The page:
The USDA Forest Service confirms that the health benefits of outdoor activity are not only measurable, they significantly improve our physical, mental, and community wellness overall. Studies show that shifting dirt through our fingers, hiking through the woods, and listening to a rolling river are proven therapeutic agents that reduce stress, lower the risk of depression, increase mental abilities, and serotonin and endorphins–our happy hormones.

“Mental Health is a big issue we hope WayOut can address, specifically around healing from trauma and feelings of loneliness. We are intentionally building ways that allow people to (heal) while connecting with others and their spirit,” said Abdill, who went on to note how her family’s bond has flourished during their last few years on the road travel camping.

Courtesy of WayOut Railroad

“I’m convinced there’s something about the outdoor environment that opens us up. We laugh more as a family and have conversations we don’t really have sitting around the dinner table. At home [the children] have their own friend groups, and much of their conversations are via text and social media with their peers. But on our camping trips, they have quiet conversations with each other. I love that for them.”

Junetta O’Neal, owner and creative director of Bomax Ranch and Retreat, swears by the healing remedies her land provided during the shutdown. “I could soak up the sun, roll around in the lush green grass, listen to the sounds of wildlife, and be at peace anytime I wanted. After enjoying sunrises and sunsets on the land and realizing how beneficial [they] were to my wellbeing, I knew I couldn’t keep it to myself.”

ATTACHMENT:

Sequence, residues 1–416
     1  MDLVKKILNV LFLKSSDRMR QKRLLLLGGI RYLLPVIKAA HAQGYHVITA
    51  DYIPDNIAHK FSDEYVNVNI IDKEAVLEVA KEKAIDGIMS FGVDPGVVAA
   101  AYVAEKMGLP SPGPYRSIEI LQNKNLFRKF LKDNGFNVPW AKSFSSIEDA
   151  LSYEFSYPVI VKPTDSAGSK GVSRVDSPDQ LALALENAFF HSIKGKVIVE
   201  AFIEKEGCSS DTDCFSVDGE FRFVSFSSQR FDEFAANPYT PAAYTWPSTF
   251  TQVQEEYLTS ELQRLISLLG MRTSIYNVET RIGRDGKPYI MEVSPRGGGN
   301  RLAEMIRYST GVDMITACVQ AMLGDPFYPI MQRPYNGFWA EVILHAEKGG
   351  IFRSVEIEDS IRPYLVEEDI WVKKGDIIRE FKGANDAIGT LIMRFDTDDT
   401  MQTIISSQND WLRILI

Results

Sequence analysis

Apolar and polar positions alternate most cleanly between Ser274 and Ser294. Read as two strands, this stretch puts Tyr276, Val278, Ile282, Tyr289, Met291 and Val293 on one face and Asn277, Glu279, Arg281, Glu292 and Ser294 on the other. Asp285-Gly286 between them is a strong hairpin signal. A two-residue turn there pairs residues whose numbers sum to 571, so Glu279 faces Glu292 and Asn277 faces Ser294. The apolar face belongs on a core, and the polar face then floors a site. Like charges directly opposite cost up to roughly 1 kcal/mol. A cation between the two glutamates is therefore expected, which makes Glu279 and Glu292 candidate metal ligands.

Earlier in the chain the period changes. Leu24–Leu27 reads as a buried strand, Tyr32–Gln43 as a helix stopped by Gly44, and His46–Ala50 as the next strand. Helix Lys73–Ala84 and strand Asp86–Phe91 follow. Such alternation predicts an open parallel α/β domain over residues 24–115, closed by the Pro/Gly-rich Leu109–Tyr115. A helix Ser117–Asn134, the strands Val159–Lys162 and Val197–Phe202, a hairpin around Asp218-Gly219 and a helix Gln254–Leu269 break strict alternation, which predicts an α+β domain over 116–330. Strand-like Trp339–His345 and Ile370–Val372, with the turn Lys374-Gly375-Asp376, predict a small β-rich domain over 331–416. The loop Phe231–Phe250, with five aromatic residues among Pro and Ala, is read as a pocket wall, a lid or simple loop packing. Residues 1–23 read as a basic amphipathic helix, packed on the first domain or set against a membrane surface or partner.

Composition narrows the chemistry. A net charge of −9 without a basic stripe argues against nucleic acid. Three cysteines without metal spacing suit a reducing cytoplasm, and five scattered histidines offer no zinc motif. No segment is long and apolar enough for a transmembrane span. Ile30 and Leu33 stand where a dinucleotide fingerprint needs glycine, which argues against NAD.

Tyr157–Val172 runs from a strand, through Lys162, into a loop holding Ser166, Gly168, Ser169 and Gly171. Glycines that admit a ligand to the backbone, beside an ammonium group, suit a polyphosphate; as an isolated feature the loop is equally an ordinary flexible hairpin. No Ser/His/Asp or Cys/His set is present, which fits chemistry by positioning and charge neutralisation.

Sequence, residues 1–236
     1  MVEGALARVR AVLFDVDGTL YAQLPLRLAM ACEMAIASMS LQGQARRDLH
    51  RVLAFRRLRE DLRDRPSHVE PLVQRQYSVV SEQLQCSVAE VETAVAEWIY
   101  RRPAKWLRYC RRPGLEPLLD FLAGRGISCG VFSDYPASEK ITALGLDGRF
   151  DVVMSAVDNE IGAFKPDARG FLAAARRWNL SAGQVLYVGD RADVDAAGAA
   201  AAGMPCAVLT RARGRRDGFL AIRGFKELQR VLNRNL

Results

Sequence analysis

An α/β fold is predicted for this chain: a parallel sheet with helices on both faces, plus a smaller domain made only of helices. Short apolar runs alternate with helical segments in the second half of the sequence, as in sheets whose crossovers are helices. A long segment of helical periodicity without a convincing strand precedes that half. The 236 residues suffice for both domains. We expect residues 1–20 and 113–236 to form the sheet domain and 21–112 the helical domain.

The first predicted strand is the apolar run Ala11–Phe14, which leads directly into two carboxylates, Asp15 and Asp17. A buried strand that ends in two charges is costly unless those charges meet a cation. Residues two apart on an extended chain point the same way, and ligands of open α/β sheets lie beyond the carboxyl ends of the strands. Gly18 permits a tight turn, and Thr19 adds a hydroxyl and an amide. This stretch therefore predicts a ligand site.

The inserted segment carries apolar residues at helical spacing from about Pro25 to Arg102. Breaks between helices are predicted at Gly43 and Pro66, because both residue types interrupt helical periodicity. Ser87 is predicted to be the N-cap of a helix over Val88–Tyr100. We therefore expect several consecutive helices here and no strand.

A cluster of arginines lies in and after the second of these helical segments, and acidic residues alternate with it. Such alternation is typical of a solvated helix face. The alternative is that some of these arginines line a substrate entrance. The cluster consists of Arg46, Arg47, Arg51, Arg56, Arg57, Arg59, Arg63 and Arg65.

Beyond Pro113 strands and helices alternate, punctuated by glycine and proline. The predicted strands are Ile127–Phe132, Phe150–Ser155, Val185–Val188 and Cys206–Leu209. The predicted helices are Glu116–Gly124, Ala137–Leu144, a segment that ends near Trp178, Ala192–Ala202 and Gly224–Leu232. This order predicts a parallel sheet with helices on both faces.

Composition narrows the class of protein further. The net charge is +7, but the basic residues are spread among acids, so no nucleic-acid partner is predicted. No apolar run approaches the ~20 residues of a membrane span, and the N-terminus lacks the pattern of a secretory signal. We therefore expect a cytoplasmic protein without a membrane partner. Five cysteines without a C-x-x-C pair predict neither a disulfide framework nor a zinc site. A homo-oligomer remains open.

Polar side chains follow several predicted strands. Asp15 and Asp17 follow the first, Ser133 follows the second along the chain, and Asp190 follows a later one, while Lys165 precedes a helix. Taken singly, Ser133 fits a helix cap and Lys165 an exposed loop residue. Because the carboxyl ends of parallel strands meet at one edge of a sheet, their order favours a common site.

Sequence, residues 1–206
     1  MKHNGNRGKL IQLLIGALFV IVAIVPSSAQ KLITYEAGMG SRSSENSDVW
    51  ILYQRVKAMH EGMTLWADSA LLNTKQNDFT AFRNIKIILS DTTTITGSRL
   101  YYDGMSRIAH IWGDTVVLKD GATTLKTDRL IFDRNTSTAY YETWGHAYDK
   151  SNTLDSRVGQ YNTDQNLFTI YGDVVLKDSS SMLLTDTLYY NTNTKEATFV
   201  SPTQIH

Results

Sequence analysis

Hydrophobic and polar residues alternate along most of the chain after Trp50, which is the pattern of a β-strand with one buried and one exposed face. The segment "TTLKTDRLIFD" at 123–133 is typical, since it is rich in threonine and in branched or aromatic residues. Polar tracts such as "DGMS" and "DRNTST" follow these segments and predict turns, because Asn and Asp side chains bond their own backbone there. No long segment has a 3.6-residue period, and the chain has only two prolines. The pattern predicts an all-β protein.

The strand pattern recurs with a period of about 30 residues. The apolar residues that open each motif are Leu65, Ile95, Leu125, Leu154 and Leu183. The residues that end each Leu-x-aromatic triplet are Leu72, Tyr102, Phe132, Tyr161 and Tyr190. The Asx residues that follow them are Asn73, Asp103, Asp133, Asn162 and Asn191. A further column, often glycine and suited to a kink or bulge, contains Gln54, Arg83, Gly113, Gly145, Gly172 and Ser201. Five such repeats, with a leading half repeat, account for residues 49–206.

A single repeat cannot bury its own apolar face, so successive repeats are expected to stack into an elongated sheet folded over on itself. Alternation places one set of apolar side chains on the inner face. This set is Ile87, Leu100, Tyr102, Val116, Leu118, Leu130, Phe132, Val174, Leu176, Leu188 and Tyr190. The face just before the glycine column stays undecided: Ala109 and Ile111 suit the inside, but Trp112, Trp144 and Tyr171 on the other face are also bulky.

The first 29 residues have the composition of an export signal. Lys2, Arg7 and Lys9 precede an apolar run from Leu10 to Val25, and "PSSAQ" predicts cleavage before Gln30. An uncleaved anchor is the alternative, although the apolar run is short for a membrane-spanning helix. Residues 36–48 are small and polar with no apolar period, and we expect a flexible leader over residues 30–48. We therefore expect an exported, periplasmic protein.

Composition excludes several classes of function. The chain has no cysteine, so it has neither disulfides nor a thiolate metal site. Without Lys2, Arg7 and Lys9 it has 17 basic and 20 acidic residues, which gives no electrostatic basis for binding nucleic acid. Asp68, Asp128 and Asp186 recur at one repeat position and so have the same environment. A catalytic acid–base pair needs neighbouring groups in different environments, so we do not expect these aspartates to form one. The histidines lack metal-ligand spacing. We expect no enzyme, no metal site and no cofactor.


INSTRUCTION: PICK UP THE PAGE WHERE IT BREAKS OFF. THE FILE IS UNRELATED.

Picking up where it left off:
In April 2021, O’Neal turned her private oasis public. The spacious 53 acres property in Crawfordville, Georgia, accommodates RV, tent, bungalow, and glamping lodging to nature newbies and veteran nomads alike.

“When I heard what Aasha and Mike were creating, I knew I had to be a part of it,” said O’Neal. “I applaud them for creating a platform that brings awareness to campground owners who work tirelessly to create green spaces for everyone, especially [those with] Black and Brown faces, to enjoy. I’m honored to be a stop on the railroad and welcome everyone to visit.”

Ready to Come Aboard?

AboveGround Railroad’s SouthEast line stretches from East Texas to Maryland. HFR Campsites and Retreats, Lacy Oasis, Kidogo Farms, and Freedom Georgia are just a few locations currently set on the track-ready for RV, van, glamp, or sleeping bag under the stars campers. Anyone aligned with AGR’s values and vision of building a community of safe and affirming spaces for Black people are welcome to join.

And to ensure everyone has access to the platform, cooperative economics and collective stewardship programs are in place so that affordability is not a deterrent.

“The ultimate goal is to lay the groundwork for the development of a real community built on shared values, love, resources, and hard work,” said Speights. “Our Love on the Land program will include community gatherings where volunteers can gather on a railroad stop [to] spend the day collectively helping with land projects.

Digging out foundation for Community Agricenter – TKO Farming – Louisville, Mississippi.Photo courtesy of WayOut Railroad

We’ll connect landowners with people willing to offer a hand in exchange for a place to camp out. We’re also developing a resource-sharing program where community members can offer each other access to items like farming equipment, lumber, renting a vacation property, or even skilled labor. Resources could be offered at a nominal fee, or members could barter support for each other.”

Meanwhile, the couple continues to roam the country, scouting new stops to add to the Southern line as the railroad expands to other regions in the coming months.

“And this is just the start,” Abdill adds. “Once folks feel safe and part of a trusted community, that’s when transformative change and connection can begin.”

Learn more about membership and community at wayoutdoors.org or follow @WayOutdoors on Instagram.